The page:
Update: November 21, 2017: Beginning today, Instagram is rolling out an option to request to join a Live Story. Just tap the "Request" button in the comment section. When the person hosting the Live accepts, you'll be able to become part of the conversation.
Update: October 24, 2017: Dual live streaming is finally expanding worldwide after a little over two months of testing. Simply invite a friend to join your broadcast and, if and when they accept, you'll be able connect live. You'll also both be able to try on face filters at the same time, by tapping the face icon along the bottom toolbar.
This article was originally published on August 8, 2017.
Double the people, double the fun? That's what Instagram is banking on with its latest update, which will give you the chance to go Live with a friend, family member, or, for influencers and celebrities, a fan, at the same time.
The feature will roll out as a trial to a randomly selected group of people today, and will test for the next few months before officially rolling out.
"After we launched the first version of Live [last November], we noticed that a lot of folks were using it with friends in person," Shilpa Sarkar, a product manager on the Live team, told Refinery29. "We wanted to bring that offline behaviour online, so to speak, with a feature that allows you to be live with a friend even if you aren't in the exact same space."
A two-person live stream proved to be both a product and technical challenge. The Live team had to figure out how both people would appear onscreen. Instead of using the FaceTime model, which makes one caller appear much smaller, Instagram wanted to make the broadcast a split screen since they envision these streams to be an equal back and forth between two people. Sarkar says this is something influencers have been asking for, as a way to communicate more directly and openly with fans.
Then there's the issue of making sure the two-person livestream actually works. "Usually when you watch a livestream it has a very smooth playback," Lu Chen, an engineering manager on the Live team told Refinery29, "[With] two people talking back and forth, we needed to make sure that's super realtime because no one no one wants to bring on a guest and wait 10 seconds to have a back and forth conversation."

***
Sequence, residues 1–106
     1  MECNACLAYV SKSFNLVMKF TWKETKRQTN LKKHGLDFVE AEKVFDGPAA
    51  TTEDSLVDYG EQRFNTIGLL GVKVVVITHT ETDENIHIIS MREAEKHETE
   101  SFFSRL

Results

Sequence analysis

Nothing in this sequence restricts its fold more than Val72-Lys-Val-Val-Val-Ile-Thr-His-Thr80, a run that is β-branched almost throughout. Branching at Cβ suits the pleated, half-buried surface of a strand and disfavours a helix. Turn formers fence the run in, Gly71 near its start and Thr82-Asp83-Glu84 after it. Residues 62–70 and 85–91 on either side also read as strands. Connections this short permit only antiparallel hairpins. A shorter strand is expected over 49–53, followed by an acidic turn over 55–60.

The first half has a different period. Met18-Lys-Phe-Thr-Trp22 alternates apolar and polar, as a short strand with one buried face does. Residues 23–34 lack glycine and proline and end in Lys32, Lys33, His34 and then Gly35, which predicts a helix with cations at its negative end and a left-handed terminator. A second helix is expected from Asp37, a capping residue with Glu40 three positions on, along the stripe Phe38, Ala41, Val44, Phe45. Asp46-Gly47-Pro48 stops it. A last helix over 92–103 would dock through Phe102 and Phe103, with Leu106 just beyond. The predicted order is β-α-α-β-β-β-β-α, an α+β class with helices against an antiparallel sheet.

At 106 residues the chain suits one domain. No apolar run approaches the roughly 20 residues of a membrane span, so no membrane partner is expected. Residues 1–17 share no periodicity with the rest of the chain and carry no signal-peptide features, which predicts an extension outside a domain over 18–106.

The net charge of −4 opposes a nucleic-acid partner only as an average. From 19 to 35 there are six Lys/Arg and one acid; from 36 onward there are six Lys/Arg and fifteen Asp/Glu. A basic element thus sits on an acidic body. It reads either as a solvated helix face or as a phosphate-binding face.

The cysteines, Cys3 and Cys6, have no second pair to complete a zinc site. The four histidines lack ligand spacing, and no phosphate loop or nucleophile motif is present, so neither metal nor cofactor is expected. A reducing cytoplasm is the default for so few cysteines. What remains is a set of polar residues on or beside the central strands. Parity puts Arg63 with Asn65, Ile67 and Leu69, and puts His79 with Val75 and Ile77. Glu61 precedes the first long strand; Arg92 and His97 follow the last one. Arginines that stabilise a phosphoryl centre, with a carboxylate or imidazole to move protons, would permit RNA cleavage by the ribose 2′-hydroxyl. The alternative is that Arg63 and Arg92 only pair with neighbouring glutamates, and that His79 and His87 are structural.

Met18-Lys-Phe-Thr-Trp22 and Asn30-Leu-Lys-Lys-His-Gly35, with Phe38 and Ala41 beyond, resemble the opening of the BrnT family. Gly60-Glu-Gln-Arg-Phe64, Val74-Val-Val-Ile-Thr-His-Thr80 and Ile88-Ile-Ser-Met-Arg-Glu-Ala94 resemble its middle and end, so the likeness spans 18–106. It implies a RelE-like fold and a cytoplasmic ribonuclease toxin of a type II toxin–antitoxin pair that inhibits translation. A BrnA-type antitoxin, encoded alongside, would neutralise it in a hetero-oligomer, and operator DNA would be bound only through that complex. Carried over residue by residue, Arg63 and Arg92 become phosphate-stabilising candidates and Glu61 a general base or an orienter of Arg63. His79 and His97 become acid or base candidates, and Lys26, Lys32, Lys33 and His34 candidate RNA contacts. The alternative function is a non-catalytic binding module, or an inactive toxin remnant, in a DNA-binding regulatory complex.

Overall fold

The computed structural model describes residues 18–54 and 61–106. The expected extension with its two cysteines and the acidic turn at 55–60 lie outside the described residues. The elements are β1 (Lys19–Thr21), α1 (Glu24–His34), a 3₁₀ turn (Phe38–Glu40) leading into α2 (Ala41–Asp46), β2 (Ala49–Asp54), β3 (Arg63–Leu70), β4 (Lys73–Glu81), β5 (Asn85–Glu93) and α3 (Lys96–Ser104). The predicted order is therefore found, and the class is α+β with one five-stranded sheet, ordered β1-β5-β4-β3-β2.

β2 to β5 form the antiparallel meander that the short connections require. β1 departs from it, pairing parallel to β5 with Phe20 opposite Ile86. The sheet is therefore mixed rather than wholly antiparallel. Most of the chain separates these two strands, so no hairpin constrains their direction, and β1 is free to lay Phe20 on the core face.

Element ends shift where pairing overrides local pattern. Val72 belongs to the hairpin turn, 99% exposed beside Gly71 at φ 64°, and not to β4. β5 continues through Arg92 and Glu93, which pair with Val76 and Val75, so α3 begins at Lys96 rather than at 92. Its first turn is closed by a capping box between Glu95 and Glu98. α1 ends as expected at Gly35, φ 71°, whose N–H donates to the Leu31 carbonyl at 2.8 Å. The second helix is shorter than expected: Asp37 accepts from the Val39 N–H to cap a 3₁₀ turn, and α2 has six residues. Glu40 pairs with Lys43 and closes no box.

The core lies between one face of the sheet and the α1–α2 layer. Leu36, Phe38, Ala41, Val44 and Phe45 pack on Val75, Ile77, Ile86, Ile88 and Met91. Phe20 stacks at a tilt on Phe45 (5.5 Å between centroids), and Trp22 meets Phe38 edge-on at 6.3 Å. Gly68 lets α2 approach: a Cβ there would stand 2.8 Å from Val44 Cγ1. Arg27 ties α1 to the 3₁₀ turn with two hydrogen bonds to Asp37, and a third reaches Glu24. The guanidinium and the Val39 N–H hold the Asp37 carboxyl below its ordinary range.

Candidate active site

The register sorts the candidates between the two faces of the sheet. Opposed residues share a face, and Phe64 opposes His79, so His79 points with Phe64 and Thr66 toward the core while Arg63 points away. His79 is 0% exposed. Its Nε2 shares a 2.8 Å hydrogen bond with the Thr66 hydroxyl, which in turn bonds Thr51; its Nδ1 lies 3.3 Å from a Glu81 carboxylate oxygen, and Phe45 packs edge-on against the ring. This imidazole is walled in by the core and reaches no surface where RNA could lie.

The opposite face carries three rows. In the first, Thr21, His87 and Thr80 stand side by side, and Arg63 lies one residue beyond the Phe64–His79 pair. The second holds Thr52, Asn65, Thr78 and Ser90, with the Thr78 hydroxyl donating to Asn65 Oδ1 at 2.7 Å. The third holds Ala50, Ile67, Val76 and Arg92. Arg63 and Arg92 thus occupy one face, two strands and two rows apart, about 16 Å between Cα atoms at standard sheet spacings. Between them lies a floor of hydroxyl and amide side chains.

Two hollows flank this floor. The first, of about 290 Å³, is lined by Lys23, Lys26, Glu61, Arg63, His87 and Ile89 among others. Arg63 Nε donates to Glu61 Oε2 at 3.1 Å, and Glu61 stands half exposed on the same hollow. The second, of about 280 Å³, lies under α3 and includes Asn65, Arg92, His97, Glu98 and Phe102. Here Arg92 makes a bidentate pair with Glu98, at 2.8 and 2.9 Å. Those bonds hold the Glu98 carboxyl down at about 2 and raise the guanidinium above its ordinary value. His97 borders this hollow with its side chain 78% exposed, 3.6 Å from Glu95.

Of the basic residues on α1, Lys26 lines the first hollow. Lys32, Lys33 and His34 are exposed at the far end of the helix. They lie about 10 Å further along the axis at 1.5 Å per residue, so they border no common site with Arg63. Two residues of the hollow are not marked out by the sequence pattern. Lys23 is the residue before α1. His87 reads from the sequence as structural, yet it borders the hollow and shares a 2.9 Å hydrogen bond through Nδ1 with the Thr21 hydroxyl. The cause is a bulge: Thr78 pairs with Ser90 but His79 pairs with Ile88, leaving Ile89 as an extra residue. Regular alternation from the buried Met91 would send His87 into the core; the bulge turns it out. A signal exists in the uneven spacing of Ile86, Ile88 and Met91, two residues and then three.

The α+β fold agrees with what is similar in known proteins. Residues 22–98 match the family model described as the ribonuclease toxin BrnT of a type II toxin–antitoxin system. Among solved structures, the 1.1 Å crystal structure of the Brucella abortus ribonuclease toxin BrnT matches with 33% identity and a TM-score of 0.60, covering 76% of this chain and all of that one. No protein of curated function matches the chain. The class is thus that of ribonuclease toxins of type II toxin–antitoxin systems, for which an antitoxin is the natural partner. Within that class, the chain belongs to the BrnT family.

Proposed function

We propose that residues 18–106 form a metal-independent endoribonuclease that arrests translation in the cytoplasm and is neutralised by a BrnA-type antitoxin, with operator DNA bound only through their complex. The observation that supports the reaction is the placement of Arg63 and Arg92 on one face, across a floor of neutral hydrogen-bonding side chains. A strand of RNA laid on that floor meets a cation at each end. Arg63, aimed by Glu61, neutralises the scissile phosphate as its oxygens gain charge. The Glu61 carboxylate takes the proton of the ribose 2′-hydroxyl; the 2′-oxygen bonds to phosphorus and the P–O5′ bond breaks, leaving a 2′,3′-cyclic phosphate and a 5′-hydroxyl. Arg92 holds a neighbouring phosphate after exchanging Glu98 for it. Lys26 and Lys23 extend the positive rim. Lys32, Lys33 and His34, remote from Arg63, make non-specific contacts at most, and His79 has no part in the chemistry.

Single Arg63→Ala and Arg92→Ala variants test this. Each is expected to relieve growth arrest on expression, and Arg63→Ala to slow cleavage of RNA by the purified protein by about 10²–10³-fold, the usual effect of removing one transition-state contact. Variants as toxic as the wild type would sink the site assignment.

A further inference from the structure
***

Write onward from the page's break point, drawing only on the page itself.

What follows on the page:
Over the past couple of months, the Live team has been fine-tuning the product, nicknamed project Tango (as in "it takes two to tango"). Instagram co-founder Mike Krieger recently hosted a livestream from the company's Menlo Park offices and invited various members of the New York team to give viewers office tours.
While you can only have one guest on at a time, what's especially impressive about this new feature is that you can bring on as many guests or co-hosts as you want. At least, as many as you can fit in to the course of an hour — the current livestream maximum. Simply end a conversation with one person, and invite someone new to join. For those who don't want to go Live on their own, the two-person stream may be a more comfortable alternative. It may also be a way that some of your favourite brands will start communicating directly with customers.
To use this new feature, start by going live: In Instagram Stories, toggle over from the "Normal" camera screen to "Live" mode. Then tap the new faces icon that appears in the bottom right. Select one friend to go live with and press "Add." Your invitee will get a pop-up notification and will need to accept before joining the broadcast. You or your guest can end the conversation at any time by tapping the "X" in the corner of the screen. Then, the original broadcaster can keep going on their own, invite someone new on, or end Live altogether. You'll still be able to share the video to your Story afterwards if you want to extend its lifespan.
The Live team believes this feature will help offset the formality of staged posts: If Instagram feeds can be full of posed shots and perfectly arranged pool floats, Live is the opposite.
"Live brought on a new level of authenticity," Sarkar said. "The way people are sharing is really casual, it's just to say, 'Hey, here's what's going on right now.' There's no sense of a barrier — it's not really produced, it's not live TV."
Grab your phone, pick a friend, and get ready to tango.